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New look for Pearl Stephens Elementary


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Students at Pearl Stephens Elementary stepped into what looks like a brand new school, but it's now in the old Linwood Elementary building..

"I am so glad that you came to our school," said Principal Brantley over the school's intercom.

Thursday morning's announcements were mostly about encouragement, but much of the day was about learning, both for students and teachers.

"Brand new school, new kids. Although this is my thirteenth year, I feel like it's my first year teaching," said third grade teacher Sheree Dudley.

AF takes aim at obesity in dependents, retirees

AF takes aim at obesity in dependents, retirees

The Air Force is taking aim at obesity among dependents and retirees through two pilot programs that could eventually go servicewide.

Part of the new Healthcare to Health initiative — H2H for short — the programs target parents of Air Force children as well as spouses and retirees through interactive courses on base, said Kelly Williams, a certified health education specialist who has spent two years developing the initiative.

The first, called 5210 Healthy Military Children, teaches moms and dads how to make consistent, healthy meal and exercise choices at home. The second, Group Lifestyle Balance, focuses on weight management, physical activity and healthy eating for spouses and retirees at risk for weight-related health problems like Type 2 diabetes, sleep apnea, strokes and heart attacks.

Home giveaway for central Georgia veteran


A realty group in Warner Robins is helping to open new doors for a military veteran in central Georgia. They're giving away a three bedroom, two bathroom house valued at more than $50,000.

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Realtor Blair Myers says it's part of the "Roofs for Troops" program. Bank of America and Nehemiah Corporation fix up foreclosed homes around the country and sell them at low prices to military veterans. However, Myers says this home is different.

New President and CEO named to 21st Century Partnership


21st Century Partnership announces that Lt. Gen., Retired Charles Stenner Jr. takes the helm as the organization's new president and CEO.

Stenner was selected from 40 candidates, according to a release.

Asked why he believes he is the right man for the job, Stenner said, "I like to think it's because I have in fact, had some opportunities to lead. I've been here since 2003. I chose to move here, to live on the installation back in 2009 as the commander of the Air Force Reserve Command, and I've got strong ties here."

Before retiring from the Air Force in 2012, he was the Chief of Air Force Reserve, Headquarters U.S. Air Force, Washington, D.C., and Commander, Air Force Reserve Command, Robins Air Force Base, Ga.

After retiring, Stenner and his wife chose to stay in Warner Robins.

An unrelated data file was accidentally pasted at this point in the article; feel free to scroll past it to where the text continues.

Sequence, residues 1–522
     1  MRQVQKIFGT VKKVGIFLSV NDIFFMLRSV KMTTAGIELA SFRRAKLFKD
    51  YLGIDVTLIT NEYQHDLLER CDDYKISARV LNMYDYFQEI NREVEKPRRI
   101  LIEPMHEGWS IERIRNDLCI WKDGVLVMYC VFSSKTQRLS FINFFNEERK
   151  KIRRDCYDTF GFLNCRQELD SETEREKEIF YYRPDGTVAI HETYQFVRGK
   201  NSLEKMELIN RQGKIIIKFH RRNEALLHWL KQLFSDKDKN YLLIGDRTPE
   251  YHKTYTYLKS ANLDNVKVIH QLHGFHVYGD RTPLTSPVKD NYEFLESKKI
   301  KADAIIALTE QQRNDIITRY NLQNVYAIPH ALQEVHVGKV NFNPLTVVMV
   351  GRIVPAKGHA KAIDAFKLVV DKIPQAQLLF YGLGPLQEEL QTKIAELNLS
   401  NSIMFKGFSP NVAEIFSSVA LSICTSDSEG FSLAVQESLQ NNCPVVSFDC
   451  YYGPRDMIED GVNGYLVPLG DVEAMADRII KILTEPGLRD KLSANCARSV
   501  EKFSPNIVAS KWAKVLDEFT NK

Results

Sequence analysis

He begins his work with 21st Century Partnership Aug. 1.

UPDATE: Houston County burglary suspects identified

UPDATE: Houston County burglary suspects identified

The Houston County Sheriff's Office identified the two people they believe are responsible for a string of burglaries.

Investigators arrested Jabrea Deanna Vason, 21, of Montezuma Thursday after a traffic stop on Macedonia Church Road in Pulaski County.

Eddie McTrail Allen, 32, of Americus, ran from the car on foot prompting a massive manhunt in the area of Macedonia Road and Hwy 26.

Robins offering buyouts to workers

Robins offering buyouts to workers

Robins Air Force Base is accepting buyout applications from up to 100 civilian employees, part of a new round of Air Force budget-cutting.

In a news release Friday, the base said selected workers will be offered incentives of up to $25,000 for early retirement and separation.

The base recently said it may eliminate up to 258 jobs at its Headquarters Air Force Reserve Command, about a quarter of the jobs there.

The reductions are a part of an Air Force program to eliminate 3,459 positions, the news release states. They say the cuts would save $1.6 billion over the next four years.

Robins says it will accept applications from up to 15 specialties, including human resources,budget analysts and material handlers.

The base says they will approve fewer than 100 buyouts, and those workers must leave by Sept. 30.


Houston County Teacher of the Year: Kathy Gibbs


Perdue Elementary's Kathy Gibbs is Houston County's new Teacher of the Year.

Gibbs has been teaching for 18 years, 3 of those at Perdue Elementary. She told our us why today's win is an honor she wasn't expecting.

"I was in complete shock. I had no idea I would have been named Houston County Teacher of the Year," she said.

But if you ask those who've worked with Gibbs, they'll tell you the win is really no surprise.

"She loves them, she hugs them, she tells them she cares about them," said Perdue Elementary Principal Andy Payne.

"She doesn't accept defeat in any child that she tries to help," said Anthony Lunceford, who initially brought Gibbs to the school system.

Gibbs teaches 5th grade at Perdue Elementary and admits becoming an educator was a bit of a surprise itself.